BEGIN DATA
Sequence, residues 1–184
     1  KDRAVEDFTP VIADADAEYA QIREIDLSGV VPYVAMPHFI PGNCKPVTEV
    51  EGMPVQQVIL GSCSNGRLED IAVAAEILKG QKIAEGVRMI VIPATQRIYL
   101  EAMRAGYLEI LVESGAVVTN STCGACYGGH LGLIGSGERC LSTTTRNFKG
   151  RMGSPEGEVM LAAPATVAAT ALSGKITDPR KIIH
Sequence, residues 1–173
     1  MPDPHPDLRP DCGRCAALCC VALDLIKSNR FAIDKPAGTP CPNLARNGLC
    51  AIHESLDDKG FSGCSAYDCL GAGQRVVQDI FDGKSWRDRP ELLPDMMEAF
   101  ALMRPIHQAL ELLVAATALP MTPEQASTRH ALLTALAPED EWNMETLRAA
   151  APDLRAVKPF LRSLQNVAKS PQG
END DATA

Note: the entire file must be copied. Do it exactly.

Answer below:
Sequence, residues 1–184
     1  KDRAVEDFTP VIADADAEYA QIREIDLSGV VPYVAMPHFI PGNCKPVTEV
    51  EGMPVQQVIL GSCSNGRLED IAVAAEILKG QKIAEGVRMI VIPATQRIYL
   101  EAMRAGYLEI LVESGAVVTN STCGACYGGH LGLIGSGERC LSTTTRNFKG
   151  RMGSPEGEVM LAAPATVAAT ALSGKITDPR KIIH
Sequence, residues 1–173
     1  MPDPHPDLRP DCGRCAALCC VALDLIKSNR FAIDKPAGTP CPNLARNGLC
    51  AIHESLDDKG FSGCSAYDCL GAGQRVVQDI FDGKSWRDRP ELLPDMMEAF
   101  ALMRPIHQAL ELLVAATALP MTPEQASTRH ALLTALAPED EWNMETLRAA
   151  APDLRAVKPF LRSLQNVAKS PQG